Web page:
I place my hand on the Pain Execution Unit across two electrodes, the heel on one, fingertips on the other. Below my palm is a burning device and to the left is a small rubber whip. The whip looks like a bit of a joke. Earlier, while examining the Painstation, I’d pulled it out of its socket by mistake and had to hastily replace it.
Across the cabinet, my wife’s much smaller hand hovers above her own Pain Execution Unit. At the direction of the guy monitoring our play, we had both removed our wedding rings. To start the game we press down on the electrode buttons at the same time, as if we’re launching a nuclear missile. From now on, if we release the buttons, it’s game over.
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Painstation was created by Volker Morawe and Tilman Reiff of the artist collective //////////fur//// art entertainment interfaces. At heart, it’s a version of the classic table-style Pong cabinet, with the twist that when you miss the ball in this game, you get whipped, electrocuted, or burned. Or maybe all three if you’re lucky.
The edition my wife and I played is in the Computerspielemuseum in Berlin, Germany. That is, it’s inside a real-life videogame museum. The cabinet sits innocuously in a brightly lit and over-designed room full of old gaming machines like the Magnavox Odyssey, the Apple II, the Dreamcast.
Painstation is a bit of an odd addition to the place. It’s homemade; peripheral to mainstream videogame culture; and, oh yes, it injures you. But the for many of us who take a deeper-than-usual interest in videogames, Painstation is an iconic piece of game design and manufacture. The Painstation is infamous.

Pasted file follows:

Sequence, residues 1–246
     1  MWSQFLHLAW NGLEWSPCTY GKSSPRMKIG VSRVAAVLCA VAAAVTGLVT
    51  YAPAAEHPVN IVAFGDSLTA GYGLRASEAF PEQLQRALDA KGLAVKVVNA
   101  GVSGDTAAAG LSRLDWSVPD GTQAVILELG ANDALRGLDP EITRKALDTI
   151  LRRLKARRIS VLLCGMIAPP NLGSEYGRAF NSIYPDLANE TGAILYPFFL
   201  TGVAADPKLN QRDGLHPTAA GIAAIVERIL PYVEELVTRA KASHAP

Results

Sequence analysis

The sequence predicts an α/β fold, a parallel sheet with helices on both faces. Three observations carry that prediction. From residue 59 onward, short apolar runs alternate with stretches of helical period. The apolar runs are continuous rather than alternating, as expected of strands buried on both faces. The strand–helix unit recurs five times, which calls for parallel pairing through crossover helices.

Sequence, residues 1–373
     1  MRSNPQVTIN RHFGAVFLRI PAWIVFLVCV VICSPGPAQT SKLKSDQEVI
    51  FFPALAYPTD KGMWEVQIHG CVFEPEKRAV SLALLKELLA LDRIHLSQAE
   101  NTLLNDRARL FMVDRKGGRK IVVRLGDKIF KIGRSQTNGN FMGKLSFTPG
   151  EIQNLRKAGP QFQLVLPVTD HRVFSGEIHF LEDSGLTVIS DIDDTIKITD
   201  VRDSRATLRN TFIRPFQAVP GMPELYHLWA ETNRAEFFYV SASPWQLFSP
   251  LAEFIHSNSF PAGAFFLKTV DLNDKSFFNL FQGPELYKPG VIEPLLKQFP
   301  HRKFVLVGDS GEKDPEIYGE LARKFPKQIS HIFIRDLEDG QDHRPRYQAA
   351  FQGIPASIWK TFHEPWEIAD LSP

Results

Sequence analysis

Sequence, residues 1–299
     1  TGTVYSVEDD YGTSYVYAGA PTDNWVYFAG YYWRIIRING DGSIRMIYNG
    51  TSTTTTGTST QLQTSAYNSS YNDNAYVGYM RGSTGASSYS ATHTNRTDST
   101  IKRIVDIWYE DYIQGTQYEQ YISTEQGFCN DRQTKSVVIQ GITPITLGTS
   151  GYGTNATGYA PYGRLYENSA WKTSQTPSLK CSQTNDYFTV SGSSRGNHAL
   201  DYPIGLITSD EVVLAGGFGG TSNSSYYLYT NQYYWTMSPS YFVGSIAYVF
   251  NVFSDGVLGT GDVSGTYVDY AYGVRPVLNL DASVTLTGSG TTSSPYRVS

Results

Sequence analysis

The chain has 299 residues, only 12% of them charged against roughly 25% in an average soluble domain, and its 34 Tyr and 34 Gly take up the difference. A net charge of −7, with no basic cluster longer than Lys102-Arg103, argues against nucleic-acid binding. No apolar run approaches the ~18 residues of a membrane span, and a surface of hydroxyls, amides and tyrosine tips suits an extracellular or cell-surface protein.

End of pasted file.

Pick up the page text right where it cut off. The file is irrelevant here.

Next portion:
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Bip… Bip… Bip…
My wife and I twirl the dials controlling our paddles and bounce the ball back and forth. I’m reminded of how dull Pong is. Even though we’re wired up to be hurt in front of a growing audience of shuffling museum patrons, I feel fiercely bored. Fairly quickly I miss the ball on purpose, just to move things along.
A yellow icon appears behind my paddle and also behind my wife’s. The museum guy explains it’s a symbol for a particular form of pain—electrocution. Now, if we miss the ball and it passes over this symbol, we’ll get electrocuted. Every miss adds more of the symbols to both sides. We’re in this together.
Bip… Bip… Bip… In the spirit of science, I try to line up the ball to hit the electrocution symbol behind my paddle. It takes a while. I muse on the inanity of the activity. Playing to lose. Eventually I get what I was asking for.
More of a light buzz than a proper electrocution. Less painful than licking a 9V battery. Not that you should do that.
Bip… Bip… Bip…